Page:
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Telling Your Truth Through Writing - A Conversation

Lesson 2 of 7

Writing Close To The Truth

 

Telling Your Truth Through Writing - A Conversation

Lesson 2 of 7

Writing Close To The Truth

 

Lesson Info

Writing Close To The Truth

I'm an accidental memoirist. I didn't do it on purpose. This is what happened. I was writing novels and I decided I was on this very rigid one book a year schedule because I got my start writing mystery novels, writing genre fiction. And when you write mystery novels, you have toe get them out fast because people who read mysteries they re like, You know, I'm a mystery reader. You you kind of read them like bubble gum. You know, you put one in your mouth and chew it up, spit out, get another piece. So after a while, that can get a za writer that can get very, uh, you know, maybe the word to use is exhausting. So I decided I was going to take a break. I decided I was going to take a three month hiatus from writing fiction, and I put it all away, and I thought, I'll like, do yoga and I'll walk the dog and I'll spend more time with my kids. And what ended up happening the first morning was that I created a blawg because apparently I have Hypo Graphia and I actually can't stop writing. So ...

when I wasn't being When I wasn't writing for money, I was writing for myself. So that Blawg kind of developed and, you know, it included all sorts of crazy things. This was in the heyday of blogging. So, like I had a picture of Kate Winslet and I said I liked her better when she wait a little more And I had, you know, just a little body shaming between you and may. I had screens about various topics that I cared about, and I had had a lot of really personal stuff to and what happened? Waas, Um I I have a mood disorder. I have. It's I don't have bipolar disorder. Have something called P M d d, which is premenstrual dysphoric disorder that we can talk about. Basically, it means, like, right before my period, I go kind of crazy. And, um, I wrote this post one night that amounted basically to a suicide Note it waas If you knew me, it was terrifying. If you didn't know me, it was interesting. But luckily, someone who was in a different time zone saw that called a friend, and um, it turned out that I had just had a little glitch in my medication, and I made a phone call. The psychiatrist said, Take this pill. Everything was fine. But having done that live, having been that raw in such a public forum, scared me. And I thought to myself this I'm a writer. I don't I don't want to be just spewing out there. I want to be thoughtful about the kinds of things that I, um, cut the kinds of exposure that I dio. So I made the fabulous economic decision to hitch my writing horse to the salon dot com wagon. Yeah, and But I had a great time for a little while writing a column on Salon, and that column was much more like what we're gonna be talking about today. That column was personal. Sometimes it was very personal, but it was also political. It was also current. It merged all the different things that I was interested in, and it was really thoughtful. Every every column that I wrote was very carefully considered and constructed, and that's part of my message today. I mean, what memoir is is the truth, the most personal, compelling truth that is carefully and thoughtfully constructed and presented so my salon column and other essays that I wrote ended up turning into a volume that I published a memoir that I published. It's kind of a hybrid memoir essay collection called Bad Mother, which was about primarily motherhood. I have four kids right now. They range in age from 13 to 22. My I just got a text from my oldest saying that kids are getting arrested in the streets in Connecticut and what should you do? So right before I came on stage, I sent her the link to the A C L U in Connecticut. Let's go. And the the youngest is So I've learned a little bit along the way. I started out like I said, accidentally doing it in a way I don't recommend, and I've I'm no, by no means an expert. But I feel like now, having come coming out with my second memoir, which is this book, um, called a really good day. How micro dosing made a mega difference in my mood, my marriage in my life. I feel like I have some tips that I'd like to share with you guys, um, the most important thing I want to say is that writing about yourself writing, memoir, writing about personal stuff is both self indulgent and scary, and the trick is to maximize the ladder and minimize the former. You want to minimize that self indulgence, but you want to get us close as possible to the really scary stuff, because the scary stuff is the juice. So what do I mean by that? What do I mean by scary? So let me use an example from my fiction. When I first started the novel that went on to become love and other impossible pursuits, I am. I was away at a writer's colony in New Hampshire called the MacDowell Colony, which is basically heaven is closest. We come to paradise. They give you a little studio nestled in the woods. They bring you your lunch in a picnic basket. It's just like paradise for writers. I can't even believe that such a place exists on and I was, but I was away there, and I was I was working on something else, and then I got this idea for this novel, and I began it, and very quickly in the process, I realized that I was about to write about an incredibly personal family story. Ah, horrible, shameful family story. And I began to panic, and I call that my husband and I was hyperventilating and crying. And I said, What am I gonna What What should I do? I have to stop. I'll go back to something else and he said, Just hold your horses. If you feel this way this feeling, this kind of sick nausea, this terror, that is your best sign that what you're writing is exciting and compelling and important. You have to lean into that fear, and you have to figure out a way not to back away. So what do you need to do to figure out t not back away? What do you need to do to give yourself the courage to do that? And so what I said to myself is, I'm not gonna publish it. I'm just gonna right, I'm just write it and I'm not gonna publish it cause I don't need to publish it, But I'll just I'll just get the story out. So that was like a trick. Um, you know, spoiler alert. I published it. Um, there's a wonderful writer named Rebecca Skloot Who is the actions? A nonfiction writer, she's the author of, uh, The Immortal Life of Henrietta Lacks and we were hiking one day recently. We're talking about, like, the tricks that we plan themselves ourselves to get ourselves to that place to write. And she told me that she in the book that she's working on now she is actually writing it in her, her daily writing she's doing in her journal program on her computer, the which is a day one program instead of in Scrivener or Microsoft Word or any of the other programs that you she usually uses. And I thought, There it is. That's her trick, right? She's tricking herself into overcoming her fear. She's tricking herself into overcoming that kind of journalists distance so she could get right into the dirty stuff, like she knows that she is writing. But her brain is saying, Oh, this is a diary entry So she's going deep in to the dirt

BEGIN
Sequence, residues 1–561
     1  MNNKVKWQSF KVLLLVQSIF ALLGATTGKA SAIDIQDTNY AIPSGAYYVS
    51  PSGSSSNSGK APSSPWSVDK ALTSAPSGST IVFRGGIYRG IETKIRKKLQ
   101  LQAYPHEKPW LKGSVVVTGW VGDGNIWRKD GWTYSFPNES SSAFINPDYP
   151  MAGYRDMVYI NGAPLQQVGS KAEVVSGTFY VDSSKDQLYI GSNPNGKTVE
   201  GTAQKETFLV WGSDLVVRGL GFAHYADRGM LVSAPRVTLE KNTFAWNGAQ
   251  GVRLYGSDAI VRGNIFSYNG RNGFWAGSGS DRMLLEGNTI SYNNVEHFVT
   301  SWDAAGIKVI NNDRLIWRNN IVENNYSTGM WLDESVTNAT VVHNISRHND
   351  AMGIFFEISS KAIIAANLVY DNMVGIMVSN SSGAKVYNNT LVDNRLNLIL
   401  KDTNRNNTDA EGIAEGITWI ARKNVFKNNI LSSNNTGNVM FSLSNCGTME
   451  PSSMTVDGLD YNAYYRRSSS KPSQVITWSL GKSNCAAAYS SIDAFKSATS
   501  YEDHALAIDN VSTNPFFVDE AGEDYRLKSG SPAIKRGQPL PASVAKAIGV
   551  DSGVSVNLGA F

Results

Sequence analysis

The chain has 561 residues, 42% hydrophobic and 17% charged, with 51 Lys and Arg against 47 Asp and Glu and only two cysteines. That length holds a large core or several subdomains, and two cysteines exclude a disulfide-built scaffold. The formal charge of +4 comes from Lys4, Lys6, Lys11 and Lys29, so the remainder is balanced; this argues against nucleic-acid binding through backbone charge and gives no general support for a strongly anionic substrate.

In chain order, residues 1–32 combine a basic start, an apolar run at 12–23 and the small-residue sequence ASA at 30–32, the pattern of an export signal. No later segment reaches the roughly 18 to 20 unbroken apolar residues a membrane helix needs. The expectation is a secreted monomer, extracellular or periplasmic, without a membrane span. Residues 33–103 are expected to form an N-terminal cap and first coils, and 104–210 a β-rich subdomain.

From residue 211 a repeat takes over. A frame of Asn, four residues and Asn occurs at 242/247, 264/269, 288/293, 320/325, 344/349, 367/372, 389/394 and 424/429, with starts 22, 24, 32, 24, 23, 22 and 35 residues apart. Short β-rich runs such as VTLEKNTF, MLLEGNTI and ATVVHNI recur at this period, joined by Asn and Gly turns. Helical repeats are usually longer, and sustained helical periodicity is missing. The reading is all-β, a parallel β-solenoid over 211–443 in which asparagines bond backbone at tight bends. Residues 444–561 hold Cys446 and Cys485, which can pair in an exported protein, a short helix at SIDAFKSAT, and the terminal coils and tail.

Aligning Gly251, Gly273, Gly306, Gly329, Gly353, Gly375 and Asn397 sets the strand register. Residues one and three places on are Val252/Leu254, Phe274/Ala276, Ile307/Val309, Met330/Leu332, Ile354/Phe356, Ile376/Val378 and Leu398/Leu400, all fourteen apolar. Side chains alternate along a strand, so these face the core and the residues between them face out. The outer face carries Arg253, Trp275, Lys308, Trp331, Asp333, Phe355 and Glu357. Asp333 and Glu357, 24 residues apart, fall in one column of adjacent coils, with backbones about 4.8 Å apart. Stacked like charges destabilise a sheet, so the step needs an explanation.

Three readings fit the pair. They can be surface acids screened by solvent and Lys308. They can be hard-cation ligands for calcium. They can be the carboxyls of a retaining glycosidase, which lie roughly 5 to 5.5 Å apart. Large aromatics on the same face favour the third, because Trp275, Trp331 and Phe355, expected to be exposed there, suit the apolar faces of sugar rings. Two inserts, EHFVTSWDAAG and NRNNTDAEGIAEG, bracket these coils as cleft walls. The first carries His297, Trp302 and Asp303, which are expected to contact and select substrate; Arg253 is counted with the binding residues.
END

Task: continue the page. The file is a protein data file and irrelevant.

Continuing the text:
Class Description

Humans are programmed to think and speak in stories -- it’s in our DNA. Narratives are an incredibly powerful communication device, and yet they’re built from a relatively simple set of components: plot, conflict, setting, point of view, atmosphere and most importantly characters. Together, they share the writer’s message in a way unlike anything else. Writing your own story though can be uncomfortable and difficult.


In this hour-long session, NYT bestselling author Ayelet Waldman will dive into her approach to constructing narratives, focusing specifically on the challenges and opportunities of memoir writing. Starting with the critical importance of authenticity and honesty, she’ll surface and address the most common (and difficult) choices writers make during the creative process. She’ll also be leading a short exercise to help get you started and become comfortable with writing your truth. She will also cover her writing process, the importance of discipline to write everyday, having her own writing studio, and how to avoid distractions when it is time to work. 

Reviews

Mike McArdle
 

Ayelet instructs in plain English the mechanics to accurately write a memoir that is appealing, true and powerful. She is a superb communicator and is able to be honest, vulnerable and powerful when teaching this class. She's a real master. Thank you Ayelet and good luck in all that you do. :-)

Cathy Mauro
 

Thank you for this course, it was inspiring and motivating, I too love research over getting it on paper, it felt good to hear how to manage it. I have to say though this really felt like a journey that landed me on an existential answer. My father had a Green Dodge Dart in the mid-seventies, and in it my face was slammed twice, once as it hit the front seat from being rear ended and seconds later, as we hit a small tree. Is this a sign? Or what?

Tammy Fuller
 

I loved this. Ayelet is a wonderful storyteller and her class was compelling. I loved how she gave actionable tips to get me started.